While I was on vacation, Mike Seely started slinging some nonsense about the newly reopened Virginia Inn making the city's best muffuletta. He repeated the claim to me this week, when I countered that new Pioneer Square restaurant Marcela's Cookery, which advertises authentic New Orleans cuisine, makes a durn good one.
There was some trash talking, I admit, and chests puffed out so far they almost came flush with bellies. An honest, old-fashioned muff off was in order.
Ground rules: Muffaletta is a sandwich of cold cuts, cheese, and olive relish that an Italian grocern invented at New Orleans' Central Grocery about 100 years ago. (Not that this makes me more qualified than Seely to judge, but I have eaten Central Grocery's ur-muffuletta -- oh, wait, I am saying that I'm more qualified than him. But, this is Seattle, where the prevailing dismissal is "to each his own.")
In looks alone, Marcela's definitely wins, since it's served on a plate-sized, foccacia-like bread sold in quarters, halves (this one cost $17.50), and wholes:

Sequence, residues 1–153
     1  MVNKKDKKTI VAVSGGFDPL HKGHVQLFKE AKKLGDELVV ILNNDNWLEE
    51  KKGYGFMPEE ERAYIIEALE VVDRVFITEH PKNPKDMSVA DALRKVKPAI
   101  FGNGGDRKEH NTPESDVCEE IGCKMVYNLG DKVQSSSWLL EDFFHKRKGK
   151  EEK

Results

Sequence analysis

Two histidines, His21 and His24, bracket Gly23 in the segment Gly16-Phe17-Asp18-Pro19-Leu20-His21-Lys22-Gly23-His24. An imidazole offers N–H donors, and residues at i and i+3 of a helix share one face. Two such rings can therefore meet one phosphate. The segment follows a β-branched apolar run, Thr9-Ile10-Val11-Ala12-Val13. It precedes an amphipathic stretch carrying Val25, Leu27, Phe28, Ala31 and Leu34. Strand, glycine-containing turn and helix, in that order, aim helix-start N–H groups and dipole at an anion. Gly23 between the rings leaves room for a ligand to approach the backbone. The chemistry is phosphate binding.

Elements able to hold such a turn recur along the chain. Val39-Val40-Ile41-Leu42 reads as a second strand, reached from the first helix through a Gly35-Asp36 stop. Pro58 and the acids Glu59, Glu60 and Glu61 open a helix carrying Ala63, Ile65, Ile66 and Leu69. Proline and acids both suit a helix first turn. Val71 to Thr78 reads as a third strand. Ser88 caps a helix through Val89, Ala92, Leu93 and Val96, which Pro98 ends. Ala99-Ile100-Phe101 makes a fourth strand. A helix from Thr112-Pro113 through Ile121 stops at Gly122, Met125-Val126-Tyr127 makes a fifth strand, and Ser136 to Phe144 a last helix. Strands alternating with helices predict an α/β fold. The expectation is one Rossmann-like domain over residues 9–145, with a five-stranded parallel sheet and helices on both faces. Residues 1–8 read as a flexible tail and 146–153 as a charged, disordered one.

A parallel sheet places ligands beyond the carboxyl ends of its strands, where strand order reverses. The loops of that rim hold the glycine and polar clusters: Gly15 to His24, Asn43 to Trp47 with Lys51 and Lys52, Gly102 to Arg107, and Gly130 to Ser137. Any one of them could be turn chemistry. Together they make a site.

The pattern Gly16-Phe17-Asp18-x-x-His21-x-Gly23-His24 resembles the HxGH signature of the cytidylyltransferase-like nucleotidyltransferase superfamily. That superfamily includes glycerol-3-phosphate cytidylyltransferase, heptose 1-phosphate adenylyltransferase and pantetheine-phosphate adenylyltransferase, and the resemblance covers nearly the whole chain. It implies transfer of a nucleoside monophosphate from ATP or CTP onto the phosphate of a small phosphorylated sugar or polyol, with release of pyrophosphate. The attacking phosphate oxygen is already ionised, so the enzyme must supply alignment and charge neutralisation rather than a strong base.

Heretically, some would argue, Virginia Inn serves its muffuletta on a crisp, fresh chunk of baguette, but it has all the appropriate elements:
Virginia's muffuletta scores big on lots of meat, lots of cheese, and a black-olive-and-onion relish that I would professionally describe as "kicky" (the bar also does a veggie version with cheese, olive relish, and marinated artichoke pesto, which is satisfying as long as you don't eat pork).
Marcela's is thin on the ham and salami layers, I was forced to admit, which means the meat comes close to being overwhelmed by the bread. And while I'd prefer a little more garlic and spice in the green olive relish, Mike was forced to admit that it was fresher and more nuanced than the vinegary Virginia Inn stuff.
Mike says he's too much of a carnivore to give up his ground. I'm too much of a purist. Who wins if neither side concedes?
Whoever got stuck writing up the debate.
Marcela's Cookery, 106 James Street, 206-223-0042.